Not so with Tolkien.
Today is his "eleventy-first" birthday - he was born on January 3, 1892.
(The reason? Because The Fellowship of the Ring opens with the scene of the celebration of Bilbo Baggins' eleventy-first birthday)
I'm not a LOTR fanatic by any means. It's fine, but fantasy, no matter how morally grounded and carefully detailed, is just not my genre. In fact, it's the careful details that bore me more than anything else. But I do find Tolkien to be an interesting figure, and those of you who aren't familiar with the details of his childhood and youth. The fact is, his father died in 1896 when JRR was three, and in 1900, having moved the family back to England (from South Africa, where Tolkien was born), his mother converted to Roman Catholicism (and brought the boys with her), a move which estranged her especially from her late husband's side of the family. They apparently refused to assist her financially after this point, a situation which Tolkien, in retrospect, believed was responsible for his mother's early death of diabetes, in 1904. After this point, Tolkien and his brother were cared for at times by relatives, but were primarily under the charge of a priest, Father Francis Morgan.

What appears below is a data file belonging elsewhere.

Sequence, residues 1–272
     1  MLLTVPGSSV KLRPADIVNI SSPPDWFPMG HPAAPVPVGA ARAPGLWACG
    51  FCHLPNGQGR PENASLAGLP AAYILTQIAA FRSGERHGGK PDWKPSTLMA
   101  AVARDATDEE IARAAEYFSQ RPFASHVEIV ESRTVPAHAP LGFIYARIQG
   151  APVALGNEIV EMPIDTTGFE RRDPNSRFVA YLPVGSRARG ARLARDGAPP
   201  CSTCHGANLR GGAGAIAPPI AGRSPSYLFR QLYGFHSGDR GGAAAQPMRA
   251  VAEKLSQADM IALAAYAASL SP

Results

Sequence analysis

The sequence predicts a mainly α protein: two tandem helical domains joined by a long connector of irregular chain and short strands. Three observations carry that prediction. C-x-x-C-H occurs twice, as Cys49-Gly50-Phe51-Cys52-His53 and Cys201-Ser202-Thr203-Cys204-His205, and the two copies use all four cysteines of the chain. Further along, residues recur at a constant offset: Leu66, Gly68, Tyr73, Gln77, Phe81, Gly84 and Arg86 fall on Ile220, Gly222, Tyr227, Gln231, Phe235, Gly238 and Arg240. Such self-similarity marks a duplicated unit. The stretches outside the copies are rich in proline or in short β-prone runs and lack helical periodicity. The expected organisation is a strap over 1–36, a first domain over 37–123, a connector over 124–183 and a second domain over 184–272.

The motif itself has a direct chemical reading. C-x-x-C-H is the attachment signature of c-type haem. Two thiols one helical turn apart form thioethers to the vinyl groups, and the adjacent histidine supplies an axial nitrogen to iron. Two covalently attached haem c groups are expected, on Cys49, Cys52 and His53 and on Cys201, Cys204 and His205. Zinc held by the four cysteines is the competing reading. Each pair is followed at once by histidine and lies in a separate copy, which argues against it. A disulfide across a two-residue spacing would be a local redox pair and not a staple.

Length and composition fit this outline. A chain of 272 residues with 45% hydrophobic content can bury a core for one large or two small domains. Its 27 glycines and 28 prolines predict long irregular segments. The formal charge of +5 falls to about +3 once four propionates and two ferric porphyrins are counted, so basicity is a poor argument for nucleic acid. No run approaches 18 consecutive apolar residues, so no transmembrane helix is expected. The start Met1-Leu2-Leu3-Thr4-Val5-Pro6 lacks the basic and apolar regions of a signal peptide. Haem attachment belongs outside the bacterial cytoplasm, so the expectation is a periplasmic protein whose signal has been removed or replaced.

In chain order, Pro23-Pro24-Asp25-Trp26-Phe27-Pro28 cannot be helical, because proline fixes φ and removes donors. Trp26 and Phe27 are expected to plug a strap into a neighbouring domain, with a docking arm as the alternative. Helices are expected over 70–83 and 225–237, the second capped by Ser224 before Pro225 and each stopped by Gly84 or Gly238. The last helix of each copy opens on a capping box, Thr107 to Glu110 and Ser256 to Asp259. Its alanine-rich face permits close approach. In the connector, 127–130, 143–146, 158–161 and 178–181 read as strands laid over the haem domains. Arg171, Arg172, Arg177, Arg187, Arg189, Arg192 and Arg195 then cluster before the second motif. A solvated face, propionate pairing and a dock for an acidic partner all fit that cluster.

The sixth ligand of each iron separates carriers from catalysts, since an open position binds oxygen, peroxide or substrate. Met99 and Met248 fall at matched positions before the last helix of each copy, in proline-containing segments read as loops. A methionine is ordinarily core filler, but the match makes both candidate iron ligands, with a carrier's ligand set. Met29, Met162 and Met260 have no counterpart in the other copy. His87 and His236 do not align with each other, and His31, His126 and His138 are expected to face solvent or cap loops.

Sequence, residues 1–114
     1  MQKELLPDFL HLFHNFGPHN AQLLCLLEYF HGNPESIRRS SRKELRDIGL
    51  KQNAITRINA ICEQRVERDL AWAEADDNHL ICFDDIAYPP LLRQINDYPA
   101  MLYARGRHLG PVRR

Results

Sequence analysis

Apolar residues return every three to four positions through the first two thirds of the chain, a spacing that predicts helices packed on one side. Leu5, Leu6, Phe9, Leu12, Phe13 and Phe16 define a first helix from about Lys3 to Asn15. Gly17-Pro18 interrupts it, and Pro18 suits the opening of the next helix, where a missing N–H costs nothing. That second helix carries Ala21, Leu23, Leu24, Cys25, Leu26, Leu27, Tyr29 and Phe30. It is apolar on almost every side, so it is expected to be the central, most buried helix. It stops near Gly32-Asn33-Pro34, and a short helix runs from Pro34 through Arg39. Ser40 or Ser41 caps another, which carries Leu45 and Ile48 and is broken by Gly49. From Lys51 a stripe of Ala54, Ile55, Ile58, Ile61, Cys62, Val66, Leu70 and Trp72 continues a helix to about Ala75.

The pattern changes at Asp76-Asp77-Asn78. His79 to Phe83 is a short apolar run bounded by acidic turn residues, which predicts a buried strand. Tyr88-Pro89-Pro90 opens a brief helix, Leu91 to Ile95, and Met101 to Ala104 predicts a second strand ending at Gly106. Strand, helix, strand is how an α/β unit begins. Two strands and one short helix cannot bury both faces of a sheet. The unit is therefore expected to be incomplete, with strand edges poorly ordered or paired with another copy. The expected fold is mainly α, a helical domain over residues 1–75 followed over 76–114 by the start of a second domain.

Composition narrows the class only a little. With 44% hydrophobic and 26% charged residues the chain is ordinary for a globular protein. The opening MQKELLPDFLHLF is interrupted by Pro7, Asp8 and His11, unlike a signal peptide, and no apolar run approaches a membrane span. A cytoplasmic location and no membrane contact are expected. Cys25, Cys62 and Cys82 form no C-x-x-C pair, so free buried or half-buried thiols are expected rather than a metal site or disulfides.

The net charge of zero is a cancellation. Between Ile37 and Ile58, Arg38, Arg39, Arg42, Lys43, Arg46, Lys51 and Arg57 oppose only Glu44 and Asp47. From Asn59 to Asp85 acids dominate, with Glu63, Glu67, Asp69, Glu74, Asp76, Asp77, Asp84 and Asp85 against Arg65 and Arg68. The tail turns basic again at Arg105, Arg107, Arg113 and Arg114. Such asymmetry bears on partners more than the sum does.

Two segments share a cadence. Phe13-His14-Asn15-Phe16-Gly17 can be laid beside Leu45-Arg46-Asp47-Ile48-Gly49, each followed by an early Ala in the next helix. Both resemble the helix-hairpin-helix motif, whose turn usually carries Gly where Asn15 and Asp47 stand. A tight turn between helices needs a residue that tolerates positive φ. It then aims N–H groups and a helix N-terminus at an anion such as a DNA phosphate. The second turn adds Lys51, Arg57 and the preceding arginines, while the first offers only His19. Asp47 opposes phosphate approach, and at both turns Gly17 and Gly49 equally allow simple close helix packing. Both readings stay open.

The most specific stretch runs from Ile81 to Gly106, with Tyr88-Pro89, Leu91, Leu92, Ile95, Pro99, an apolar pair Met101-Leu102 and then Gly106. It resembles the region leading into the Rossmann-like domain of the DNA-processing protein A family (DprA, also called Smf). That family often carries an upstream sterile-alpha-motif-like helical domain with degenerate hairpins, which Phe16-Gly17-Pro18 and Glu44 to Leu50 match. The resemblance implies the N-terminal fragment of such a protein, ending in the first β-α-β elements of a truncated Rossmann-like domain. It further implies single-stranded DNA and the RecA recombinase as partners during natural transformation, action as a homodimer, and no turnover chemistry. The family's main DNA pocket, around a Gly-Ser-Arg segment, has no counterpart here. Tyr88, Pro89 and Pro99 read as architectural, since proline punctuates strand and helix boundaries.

Tolkien always thought of his mother as a martyr for her faith, and her commitment to what she had come to see as the truth, no matter what the cost, obviously had a profound effect on his own faith and his work as well.